The GeeksverseX-Men: Schism #1

X-Men: Schism #1
Published on Thursday, July 14, 2011 by

Written by: Jason Aaron
Penciled by: Carlos Pacheco
Inked by: Cam Smith
Colors: Frank D'Armata
Letters: Jared K. Fletcher
Cover Art: A- Pacheco w/ Smith & D'Armata; B- Nick Bradshaw & Jim Charalampidis; C- Frank Cho & Morry Hollowell
Assistant Editor: Jordan D. White
Associate Editor: Daniel Ketchum
Editor: Nick Lowe

Much like this week’s Captain America #1, this issue seems to float. We’re not quite sure when this takes place in relation to the main book, which is currently undergoing a Fear Itself crossover.

It also seems like events have been pushed forward to create the atmosphere that this issue hinges on. I didn’t think things were so dire for Mutants worldwide and that one incident would cause all of the nations of the world to release their sentinels. Yes, Kade Kilgore and the new Hellfire Club, have been manipulating events behind the scenes, but it still comes across as forced. It comes across as a major overreaction by the world.

Wouldn’t having a big force bubble surround parts of San Francisco, as well as Magneto living with the rest of the mutants, and the Atlanteans taking up residence beneath Utopia, wouldn’t all of those events have also prompted such a reaction?

This is a story that needed more build up to make it believable.

That’s not to say it’s a bad story. Jason Aaron does a good job with what he had to work with. There’s alot of character moments, but there are also alot of moments forced into the story to make it function. Wolverine’s interest in Idie, well understandable based on his interactions with others in the past (Kitty, Jubilee, X-23), doesn’t feel right. It doesn’t feel natural. Well the dialogue is excellant, the idea is forced. The only one of the Lights that Logan has so far shown interest in has been Teon. To all of a sudden show interest in Idie doesn’t fit.

And that the world just happens to have a ton of Sentinals laying around ready to go, and someone just happened to bring some to the arms conference, seems like an overreaction. There are less then 200 mutants in the world and one incident causes the world to react stronger then they did when there were millions of mutants?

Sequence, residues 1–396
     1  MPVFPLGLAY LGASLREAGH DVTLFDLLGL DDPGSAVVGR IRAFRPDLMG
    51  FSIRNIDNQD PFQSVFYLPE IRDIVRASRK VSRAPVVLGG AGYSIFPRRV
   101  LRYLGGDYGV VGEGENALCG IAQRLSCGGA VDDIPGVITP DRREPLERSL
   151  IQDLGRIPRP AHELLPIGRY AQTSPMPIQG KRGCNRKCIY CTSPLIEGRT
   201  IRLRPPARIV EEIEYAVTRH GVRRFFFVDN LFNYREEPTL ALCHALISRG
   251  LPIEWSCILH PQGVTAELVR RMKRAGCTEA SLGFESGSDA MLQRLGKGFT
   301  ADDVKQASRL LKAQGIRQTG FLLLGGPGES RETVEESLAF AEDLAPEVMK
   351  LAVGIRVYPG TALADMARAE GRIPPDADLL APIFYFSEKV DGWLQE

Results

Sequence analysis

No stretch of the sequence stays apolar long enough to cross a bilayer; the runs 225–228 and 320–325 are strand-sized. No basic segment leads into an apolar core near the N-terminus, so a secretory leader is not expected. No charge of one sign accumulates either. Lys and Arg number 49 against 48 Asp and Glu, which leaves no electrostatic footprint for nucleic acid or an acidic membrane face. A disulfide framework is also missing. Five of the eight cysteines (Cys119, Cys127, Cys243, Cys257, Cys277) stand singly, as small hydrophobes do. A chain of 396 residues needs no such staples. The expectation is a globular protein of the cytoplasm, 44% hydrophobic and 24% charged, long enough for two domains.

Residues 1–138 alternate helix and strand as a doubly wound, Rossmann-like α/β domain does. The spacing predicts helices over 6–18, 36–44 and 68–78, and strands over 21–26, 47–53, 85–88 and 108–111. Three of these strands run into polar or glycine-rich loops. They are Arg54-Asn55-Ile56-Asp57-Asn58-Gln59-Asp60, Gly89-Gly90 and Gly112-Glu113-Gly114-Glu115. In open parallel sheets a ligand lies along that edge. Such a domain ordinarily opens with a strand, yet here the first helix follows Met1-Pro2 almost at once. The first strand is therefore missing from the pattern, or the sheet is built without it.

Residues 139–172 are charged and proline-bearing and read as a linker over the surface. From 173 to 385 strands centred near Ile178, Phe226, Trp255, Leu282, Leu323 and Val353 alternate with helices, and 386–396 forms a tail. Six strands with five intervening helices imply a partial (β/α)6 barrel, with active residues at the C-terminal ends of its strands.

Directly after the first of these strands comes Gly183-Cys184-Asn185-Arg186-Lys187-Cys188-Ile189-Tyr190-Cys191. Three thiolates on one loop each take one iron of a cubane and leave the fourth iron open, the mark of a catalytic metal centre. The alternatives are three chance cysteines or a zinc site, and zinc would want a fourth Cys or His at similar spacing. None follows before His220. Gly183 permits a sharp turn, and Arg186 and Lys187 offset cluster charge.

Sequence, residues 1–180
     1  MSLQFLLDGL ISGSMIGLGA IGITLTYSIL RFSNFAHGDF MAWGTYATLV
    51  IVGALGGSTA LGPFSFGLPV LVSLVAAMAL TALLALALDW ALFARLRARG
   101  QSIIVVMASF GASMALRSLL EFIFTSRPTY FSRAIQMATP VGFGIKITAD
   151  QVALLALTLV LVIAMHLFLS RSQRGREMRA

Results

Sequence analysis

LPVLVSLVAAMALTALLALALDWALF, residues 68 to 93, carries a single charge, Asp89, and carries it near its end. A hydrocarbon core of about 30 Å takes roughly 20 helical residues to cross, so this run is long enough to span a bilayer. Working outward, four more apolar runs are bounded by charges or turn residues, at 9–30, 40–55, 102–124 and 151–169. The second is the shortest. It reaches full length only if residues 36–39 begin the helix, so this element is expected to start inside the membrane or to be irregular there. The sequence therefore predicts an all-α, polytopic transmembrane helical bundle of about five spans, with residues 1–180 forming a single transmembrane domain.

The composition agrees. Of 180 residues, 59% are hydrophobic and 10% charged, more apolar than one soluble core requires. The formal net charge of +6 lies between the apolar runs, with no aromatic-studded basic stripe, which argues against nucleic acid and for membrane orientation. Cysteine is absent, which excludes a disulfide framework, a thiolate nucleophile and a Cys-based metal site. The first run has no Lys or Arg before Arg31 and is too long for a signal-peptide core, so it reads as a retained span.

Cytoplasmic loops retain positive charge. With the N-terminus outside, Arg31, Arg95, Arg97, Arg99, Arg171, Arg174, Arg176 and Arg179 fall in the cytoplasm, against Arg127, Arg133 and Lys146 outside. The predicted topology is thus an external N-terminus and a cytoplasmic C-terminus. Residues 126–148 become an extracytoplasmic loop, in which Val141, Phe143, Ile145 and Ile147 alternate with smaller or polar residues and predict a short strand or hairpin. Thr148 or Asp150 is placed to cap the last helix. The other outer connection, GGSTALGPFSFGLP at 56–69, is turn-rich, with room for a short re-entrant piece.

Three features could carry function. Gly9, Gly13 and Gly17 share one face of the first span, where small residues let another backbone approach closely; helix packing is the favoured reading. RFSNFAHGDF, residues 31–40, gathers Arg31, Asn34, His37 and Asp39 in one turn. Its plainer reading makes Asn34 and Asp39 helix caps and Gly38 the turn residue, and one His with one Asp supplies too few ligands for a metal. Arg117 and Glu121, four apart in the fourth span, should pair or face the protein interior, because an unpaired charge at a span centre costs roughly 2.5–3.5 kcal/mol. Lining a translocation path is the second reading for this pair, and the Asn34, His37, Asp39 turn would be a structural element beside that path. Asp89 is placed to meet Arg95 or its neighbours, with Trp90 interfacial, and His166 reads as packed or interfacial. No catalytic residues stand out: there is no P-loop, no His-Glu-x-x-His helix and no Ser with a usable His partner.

And all the mutants are in one place, pretty much. How are they a greater threat now then ever before? Aaron tries to cover that with Cyclops saying that the mutants now being organized makes them a bigger threat, but it’s hard to believe.

The problem with teasers is that we know some of the results before they happen. We already knew that Schism was going to lead to a fall-out between Wolverine and Cyclops and that there would be two books as a result. Because of this, the issue comes across as overly blunt with the story putting Cyclops into the leader role and Logan the follower. It basically hammers us into thinking “Cyclops is the leader and Wolverine supports him wholeheartedly” over and over again.

If we didn’t know what the result of Schism would be, the idea wouldn’t have been so blunt. It would have come across the way Aaron probably intended it, just reinforcing the standing between the two characters. But because we know the result of the event, it doesn’t have the same weight.

Pacheco’s art is nice, like always, but in a book with three levels of editorship someone should have paid attention to how he drews some of the characters. Kenji does not look like Kenji.

At least Pacheco is one of the few that actually tries to draw Idie at her true age, 14, even though she’s way too tall. He at least makes the attempt, which is different from alot of other artists that have drawn the lights.

X-Men: Schism #1 receives
3.5 out of 5

The situation which leads to the conflict doesn’t come naturally and feels forced, making the entire story not as strong as it could have been. This is one story that could have used more build-up.

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